The most recent example came last week from city Counselor Julian Bush, who argued that a bill requiring a citywide vote on airport privatization — sponsored by Alderwoman Cara Spencer — would constitute an unlawful delegation of power. Bush did allow that voters could pass a charter amendment requiring voter approval of privatization, which would in turn be followed by still another vote on a privatization plan. And even as he dispensed advice, Bush noted that his office hadn't gotten around to a "complete review" of one of the most weighty legal issues in city history, which pretty much tells you everything you need to know.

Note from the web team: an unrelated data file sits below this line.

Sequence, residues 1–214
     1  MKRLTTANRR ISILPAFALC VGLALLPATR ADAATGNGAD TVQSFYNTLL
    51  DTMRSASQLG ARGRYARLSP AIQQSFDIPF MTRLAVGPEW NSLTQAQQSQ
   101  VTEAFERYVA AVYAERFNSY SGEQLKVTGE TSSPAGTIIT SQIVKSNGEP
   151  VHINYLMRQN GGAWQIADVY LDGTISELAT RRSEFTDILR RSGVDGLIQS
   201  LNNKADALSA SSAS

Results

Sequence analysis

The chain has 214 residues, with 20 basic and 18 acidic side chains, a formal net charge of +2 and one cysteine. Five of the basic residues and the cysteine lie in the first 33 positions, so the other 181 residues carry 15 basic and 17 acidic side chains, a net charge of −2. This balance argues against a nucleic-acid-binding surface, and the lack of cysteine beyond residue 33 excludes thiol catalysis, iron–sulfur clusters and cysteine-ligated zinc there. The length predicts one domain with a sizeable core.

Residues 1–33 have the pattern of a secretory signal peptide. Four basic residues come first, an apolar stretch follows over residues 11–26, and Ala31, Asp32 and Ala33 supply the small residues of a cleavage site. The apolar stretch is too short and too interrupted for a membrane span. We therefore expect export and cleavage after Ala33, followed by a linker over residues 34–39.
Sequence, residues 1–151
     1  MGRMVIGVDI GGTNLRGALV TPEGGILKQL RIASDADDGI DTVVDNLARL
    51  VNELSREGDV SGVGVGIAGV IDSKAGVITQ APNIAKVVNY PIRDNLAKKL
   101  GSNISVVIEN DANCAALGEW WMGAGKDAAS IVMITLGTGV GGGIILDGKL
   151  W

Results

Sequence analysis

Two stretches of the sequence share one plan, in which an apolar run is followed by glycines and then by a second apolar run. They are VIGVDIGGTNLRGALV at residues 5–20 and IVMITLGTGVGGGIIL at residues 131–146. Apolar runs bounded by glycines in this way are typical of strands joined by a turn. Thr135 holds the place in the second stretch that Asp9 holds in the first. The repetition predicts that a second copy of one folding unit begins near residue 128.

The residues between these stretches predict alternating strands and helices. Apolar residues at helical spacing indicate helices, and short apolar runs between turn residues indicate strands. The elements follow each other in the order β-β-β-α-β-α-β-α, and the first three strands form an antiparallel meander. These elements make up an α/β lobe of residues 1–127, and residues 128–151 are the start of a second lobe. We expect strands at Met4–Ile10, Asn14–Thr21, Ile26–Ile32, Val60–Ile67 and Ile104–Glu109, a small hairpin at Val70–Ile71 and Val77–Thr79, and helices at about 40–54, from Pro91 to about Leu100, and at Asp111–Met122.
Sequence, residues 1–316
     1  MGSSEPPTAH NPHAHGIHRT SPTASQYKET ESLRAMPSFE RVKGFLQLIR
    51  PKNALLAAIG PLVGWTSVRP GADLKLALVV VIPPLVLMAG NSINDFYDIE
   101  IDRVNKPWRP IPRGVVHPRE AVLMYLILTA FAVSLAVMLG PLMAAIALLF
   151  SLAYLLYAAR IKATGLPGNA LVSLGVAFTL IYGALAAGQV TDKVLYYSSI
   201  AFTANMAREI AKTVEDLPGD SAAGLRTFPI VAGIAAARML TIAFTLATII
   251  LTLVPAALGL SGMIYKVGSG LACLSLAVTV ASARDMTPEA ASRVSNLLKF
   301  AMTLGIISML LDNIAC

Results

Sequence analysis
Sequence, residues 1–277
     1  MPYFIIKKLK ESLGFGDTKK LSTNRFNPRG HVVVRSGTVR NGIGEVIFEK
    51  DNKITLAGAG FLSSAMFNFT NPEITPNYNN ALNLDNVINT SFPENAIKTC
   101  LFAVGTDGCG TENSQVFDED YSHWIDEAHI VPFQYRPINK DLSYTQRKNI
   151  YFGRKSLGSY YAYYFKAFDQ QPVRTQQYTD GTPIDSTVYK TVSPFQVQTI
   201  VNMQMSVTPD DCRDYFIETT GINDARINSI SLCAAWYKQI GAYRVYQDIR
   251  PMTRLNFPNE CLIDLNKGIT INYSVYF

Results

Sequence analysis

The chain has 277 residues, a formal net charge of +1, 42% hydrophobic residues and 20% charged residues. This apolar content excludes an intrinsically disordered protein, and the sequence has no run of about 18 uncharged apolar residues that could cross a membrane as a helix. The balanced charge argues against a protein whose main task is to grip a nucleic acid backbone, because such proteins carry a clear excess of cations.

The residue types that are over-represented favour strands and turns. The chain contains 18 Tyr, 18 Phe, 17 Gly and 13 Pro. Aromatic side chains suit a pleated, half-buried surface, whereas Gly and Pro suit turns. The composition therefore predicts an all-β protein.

The charter-amendment process, conveniently, would almost certainly amount to slamming the barn door shut long after all the horses were running freely to safety. As Spencer pointed out, privatization could be a done deal well before voters were afforded two elections to weigh in on whether to allow it. The city might as well schedule a ballot measure for 2069 to ask future voters whether their grandparents' generation was wise to try to cash out the airport half a century earlier. Spoiler alert: The results would be ugly.